Reading and Learning from Popular Books

Thursday, October 10, 2013
On another blog I write for, The Lit Ladies, one of our writers, Little Lady, recently wrote a post about how her high school AP English teacher snubbed his nose at Harry Potter. He had actually never read a word of J. K. Rowling's work, and he refused to even try it out because of its popularity.

I'm just going to be honest with you all right now--THIS. ATTITUDE. DRIVES. ME. CRAZY.

I realize some things that are popular are really dumb, and some books that are on the bestseller list are no good. However, many of the books, especially children's and YA, are bestsellers or popular because they are. . . (you won't believe this) good books. (Okay, this is my opinion. But I'm right!)

As a children's or YA writer, I think you're doing yourself a disservice if you don't read some of the popular books out there. If it's a series, you don't have to read all of them--but read one, at least. If the book is being made into a movie or a kid's series on PBS or NICK JR., check it out and read it. Then study the story and figure out why. No matter what your goals are for your writing career--even if it's that you want to write standalone books and make no money, that's okay. But knowledge is power. You should have knowledge of--
  1. What kids are interested in and reading today
  2. What sells and why
  3. Popular authors, their stories, their agents, their publishing houses, and the business of books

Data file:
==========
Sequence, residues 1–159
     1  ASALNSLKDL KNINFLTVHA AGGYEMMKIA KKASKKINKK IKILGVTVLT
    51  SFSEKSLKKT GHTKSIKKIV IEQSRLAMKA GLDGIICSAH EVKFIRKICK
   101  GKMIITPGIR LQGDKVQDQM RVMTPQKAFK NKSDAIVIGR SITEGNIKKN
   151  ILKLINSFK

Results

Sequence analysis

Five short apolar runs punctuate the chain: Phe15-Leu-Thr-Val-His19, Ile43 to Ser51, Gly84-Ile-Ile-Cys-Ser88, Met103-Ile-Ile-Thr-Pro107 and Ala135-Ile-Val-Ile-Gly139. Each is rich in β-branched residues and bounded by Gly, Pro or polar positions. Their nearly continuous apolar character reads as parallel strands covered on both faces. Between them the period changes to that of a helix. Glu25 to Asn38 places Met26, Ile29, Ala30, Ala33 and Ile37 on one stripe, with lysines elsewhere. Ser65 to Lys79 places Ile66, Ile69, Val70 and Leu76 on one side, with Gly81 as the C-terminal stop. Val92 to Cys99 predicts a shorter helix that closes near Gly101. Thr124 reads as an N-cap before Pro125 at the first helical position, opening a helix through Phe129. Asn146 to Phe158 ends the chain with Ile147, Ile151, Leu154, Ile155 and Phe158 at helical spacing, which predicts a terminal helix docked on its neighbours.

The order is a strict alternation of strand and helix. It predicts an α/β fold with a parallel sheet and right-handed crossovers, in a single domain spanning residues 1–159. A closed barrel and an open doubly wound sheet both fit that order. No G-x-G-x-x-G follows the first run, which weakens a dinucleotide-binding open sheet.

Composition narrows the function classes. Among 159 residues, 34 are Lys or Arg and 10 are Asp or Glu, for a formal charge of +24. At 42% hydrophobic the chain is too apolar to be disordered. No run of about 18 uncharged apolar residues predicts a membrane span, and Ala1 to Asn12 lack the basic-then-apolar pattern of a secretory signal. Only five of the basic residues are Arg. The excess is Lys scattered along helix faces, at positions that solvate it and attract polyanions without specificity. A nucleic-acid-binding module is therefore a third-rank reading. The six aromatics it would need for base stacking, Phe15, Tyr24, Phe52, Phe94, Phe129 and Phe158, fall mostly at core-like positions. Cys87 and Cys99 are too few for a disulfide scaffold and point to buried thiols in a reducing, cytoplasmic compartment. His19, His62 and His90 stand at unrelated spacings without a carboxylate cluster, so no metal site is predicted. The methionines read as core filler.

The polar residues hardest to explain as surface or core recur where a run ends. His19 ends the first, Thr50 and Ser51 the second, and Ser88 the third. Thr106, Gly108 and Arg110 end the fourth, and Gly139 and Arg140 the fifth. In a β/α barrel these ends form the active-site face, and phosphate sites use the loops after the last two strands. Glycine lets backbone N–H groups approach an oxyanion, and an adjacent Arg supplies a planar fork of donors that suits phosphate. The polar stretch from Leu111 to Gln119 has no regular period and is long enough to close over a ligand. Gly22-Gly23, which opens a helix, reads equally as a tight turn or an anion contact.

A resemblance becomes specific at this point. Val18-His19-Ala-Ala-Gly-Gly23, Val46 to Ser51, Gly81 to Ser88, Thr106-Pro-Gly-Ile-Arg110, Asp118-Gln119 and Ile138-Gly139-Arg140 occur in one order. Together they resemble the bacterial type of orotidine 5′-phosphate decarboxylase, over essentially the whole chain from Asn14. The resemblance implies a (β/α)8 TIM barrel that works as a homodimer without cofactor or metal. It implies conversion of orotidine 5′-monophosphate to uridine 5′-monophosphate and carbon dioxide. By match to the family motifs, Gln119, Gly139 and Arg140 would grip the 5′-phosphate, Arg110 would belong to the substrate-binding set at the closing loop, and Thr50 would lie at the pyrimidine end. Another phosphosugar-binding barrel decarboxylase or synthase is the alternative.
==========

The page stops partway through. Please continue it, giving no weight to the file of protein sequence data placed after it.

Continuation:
Actually, if you don't care about being published or making money as a writer, then stop reading this post now and call me crazy. Go ahead! I stand behind what I'm saying here.  Here are two examples:

DIVERGENT: I picked this up after discovering that this book was going to be made into a movie, coming in March, and it had a bunch of comparisons to Hunger Games. I was skeptical. However, Veronica Roth had me at hello. I absolutely love this book! Why? I decided it's her pacing, for one. I'm not a big fan of long passages of description or pages where a character struggles with something internally. I like fast-moving, and I like surprises. Roth delivers on both these accounts. I do like her dystopian world, although I wouldn't want to live there--which makes it an excellent dystopian world. And I also love that it's set in Chicago and uses the train system there as a huge part of the plot. I have been to Chicago several times since I live in the Midwest, and I've ridden the L.

So what does Divergent teach me? Keep my pace up. Reveal plot points along the way. Don't cram everything into the beginning. Take familiar settings and change them up a little if possible.

 MAX AND RUBY: If you've had a preschooler in the last five years, you know the two loveable bunnies, Max and his older sister Ruby. Rosemary Wells originally wrote the books, which my daughter loves, and it was made into a series for Nick Jr. What I've learned from seeing many episodes of this show as well as reading the books time and again is that picture books can be simple and deal with everyday life. Also, you can have talking animals. And there should usually be some kind of humorous twist at the end.